Does a baked potato contain the equivalent of 19 cubes of sugar? According to information presented during a BBC1 program which aired in early June, it does. But the information has since been debunked as misleading. The information presented in this program however led to several dubious news stories published by major news outlets, such as this one by the Daily Mail in the UK which reads: “Why potatoes could be fuelling the nation’s obesity crisis: A baked spud contains the equivalent of 19 lumps of sugar – almost three times the amount in a can of Coca-Cola”. Potatoes and rice were singled out in the program as two foods containing more than double the amount of “sugar” as say a chocolate muffin. Two days ago though, another program aired on BBC Worldservice (‘More or Less‘) in which experts point out that the information presented in the BBC! program need to be presented in context.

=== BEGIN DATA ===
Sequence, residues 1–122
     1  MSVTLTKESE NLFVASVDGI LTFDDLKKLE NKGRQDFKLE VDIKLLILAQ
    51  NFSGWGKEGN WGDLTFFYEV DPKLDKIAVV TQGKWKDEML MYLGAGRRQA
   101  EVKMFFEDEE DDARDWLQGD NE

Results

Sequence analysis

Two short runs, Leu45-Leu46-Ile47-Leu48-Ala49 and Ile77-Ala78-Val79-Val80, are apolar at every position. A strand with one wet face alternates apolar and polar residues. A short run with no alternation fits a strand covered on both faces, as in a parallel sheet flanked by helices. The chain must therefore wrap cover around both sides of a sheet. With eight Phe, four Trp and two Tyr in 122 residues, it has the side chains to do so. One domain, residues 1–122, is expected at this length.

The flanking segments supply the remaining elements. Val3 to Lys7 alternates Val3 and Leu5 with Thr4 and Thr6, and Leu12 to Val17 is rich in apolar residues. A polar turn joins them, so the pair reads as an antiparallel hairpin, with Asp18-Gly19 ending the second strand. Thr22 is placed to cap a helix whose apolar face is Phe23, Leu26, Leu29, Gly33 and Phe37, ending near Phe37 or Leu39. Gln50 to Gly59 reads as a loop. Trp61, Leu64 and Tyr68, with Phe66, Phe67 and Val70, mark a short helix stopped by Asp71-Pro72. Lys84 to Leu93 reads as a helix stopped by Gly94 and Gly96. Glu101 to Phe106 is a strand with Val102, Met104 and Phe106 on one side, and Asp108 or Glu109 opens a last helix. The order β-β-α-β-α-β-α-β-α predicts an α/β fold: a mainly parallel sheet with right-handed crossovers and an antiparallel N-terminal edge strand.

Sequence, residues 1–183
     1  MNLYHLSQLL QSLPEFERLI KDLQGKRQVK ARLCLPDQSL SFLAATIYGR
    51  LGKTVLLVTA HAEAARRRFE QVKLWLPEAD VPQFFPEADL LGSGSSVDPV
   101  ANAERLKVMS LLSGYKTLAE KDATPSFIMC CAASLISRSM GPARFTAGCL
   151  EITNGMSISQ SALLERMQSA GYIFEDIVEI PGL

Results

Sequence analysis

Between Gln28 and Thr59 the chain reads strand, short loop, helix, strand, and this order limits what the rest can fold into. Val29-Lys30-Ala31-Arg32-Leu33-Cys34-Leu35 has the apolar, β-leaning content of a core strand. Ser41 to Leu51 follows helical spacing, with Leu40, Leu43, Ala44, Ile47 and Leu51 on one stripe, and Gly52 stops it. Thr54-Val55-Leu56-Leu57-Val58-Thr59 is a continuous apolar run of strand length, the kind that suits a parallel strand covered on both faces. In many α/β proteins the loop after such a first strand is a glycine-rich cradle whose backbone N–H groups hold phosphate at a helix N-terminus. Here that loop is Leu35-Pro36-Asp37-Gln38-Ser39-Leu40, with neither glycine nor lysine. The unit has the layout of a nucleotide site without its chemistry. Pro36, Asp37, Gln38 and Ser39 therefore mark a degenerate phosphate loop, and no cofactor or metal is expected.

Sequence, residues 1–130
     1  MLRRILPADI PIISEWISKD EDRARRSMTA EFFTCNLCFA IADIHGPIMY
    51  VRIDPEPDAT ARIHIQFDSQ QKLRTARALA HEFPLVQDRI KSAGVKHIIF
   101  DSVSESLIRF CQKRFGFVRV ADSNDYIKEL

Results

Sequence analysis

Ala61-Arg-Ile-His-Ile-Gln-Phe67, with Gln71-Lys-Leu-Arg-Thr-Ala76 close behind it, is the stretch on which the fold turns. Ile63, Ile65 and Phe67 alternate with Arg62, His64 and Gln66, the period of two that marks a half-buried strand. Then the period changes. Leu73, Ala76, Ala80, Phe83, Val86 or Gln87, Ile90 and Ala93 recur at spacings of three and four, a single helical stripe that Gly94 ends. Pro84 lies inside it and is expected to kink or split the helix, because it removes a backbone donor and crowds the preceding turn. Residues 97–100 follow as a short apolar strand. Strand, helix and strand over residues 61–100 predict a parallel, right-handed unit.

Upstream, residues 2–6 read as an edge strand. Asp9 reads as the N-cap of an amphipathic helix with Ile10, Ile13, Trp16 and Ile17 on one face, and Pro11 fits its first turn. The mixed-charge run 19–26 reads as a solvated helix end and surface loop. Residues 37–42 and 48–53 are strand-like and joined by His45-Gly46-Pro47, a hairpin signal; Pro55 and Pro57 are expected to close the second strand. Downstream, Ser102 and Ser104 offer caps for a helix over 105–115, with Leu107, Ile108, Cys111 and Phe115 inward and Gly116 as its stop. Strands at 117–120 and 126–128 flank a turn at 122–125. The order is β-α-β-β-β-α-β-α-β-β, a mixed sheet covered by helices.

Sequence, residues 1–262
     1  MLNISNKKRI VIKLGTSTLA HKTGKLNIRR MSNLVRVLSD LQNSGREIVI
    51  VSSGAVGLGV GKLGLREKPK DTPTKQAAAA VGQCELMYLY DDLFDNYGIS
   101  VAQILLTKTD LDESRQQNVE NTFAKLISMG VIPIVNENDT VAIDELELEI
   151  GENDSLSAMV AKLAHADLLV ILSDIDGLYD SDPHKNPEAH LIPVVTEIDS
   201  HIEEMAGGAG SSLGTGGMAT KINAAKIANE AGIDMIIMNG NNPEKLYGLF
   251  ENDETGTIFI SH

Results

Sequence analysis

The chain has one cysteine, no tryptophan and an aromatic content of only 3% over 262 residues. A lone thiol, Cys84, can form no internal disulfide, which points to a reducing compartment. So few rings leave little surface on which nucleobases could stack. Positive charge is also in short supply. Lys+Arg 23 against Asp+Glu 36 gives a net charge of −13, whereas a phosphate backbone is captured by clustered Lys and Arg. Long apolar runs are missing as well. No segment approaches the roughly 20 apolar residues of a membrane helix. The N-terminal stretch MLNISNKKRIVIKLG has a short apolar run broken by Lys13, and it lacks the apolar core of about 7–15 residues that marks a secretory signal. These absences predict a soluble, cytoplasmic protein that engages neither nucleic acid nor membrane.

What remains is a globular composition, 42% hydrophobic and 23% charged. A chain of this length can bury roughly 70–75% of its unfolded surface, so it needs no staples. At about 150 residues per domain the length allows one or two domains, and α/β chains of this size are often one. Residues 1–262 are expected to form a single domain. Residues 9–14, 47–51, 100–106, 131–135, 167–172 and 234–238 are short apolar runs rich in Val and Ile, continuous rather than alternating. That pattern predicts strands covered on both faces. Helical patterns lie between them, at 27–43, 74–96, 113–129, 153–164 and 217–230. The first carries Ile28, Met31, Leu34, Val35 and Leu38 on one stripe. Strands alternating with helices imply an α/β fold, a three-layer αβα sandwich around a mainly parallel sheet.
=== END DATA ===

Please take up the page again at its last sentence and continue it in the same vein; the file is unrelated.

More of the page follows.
The starch in potatoes and rice is broken down to glucose – broken down very efficiently and used by the body for energy, and does not create excess fat around the liver. A muffin contains sugar in the form of fructose, which is far more problematic than the glucose contained in potatoes and rice, since fructose is converted into fats around the liver.
“To present potatoes and rice as an unhealthier choice of food than muffins, is misleading,” says one of he experts in the latest BBC program. Listen to the 9 minute program here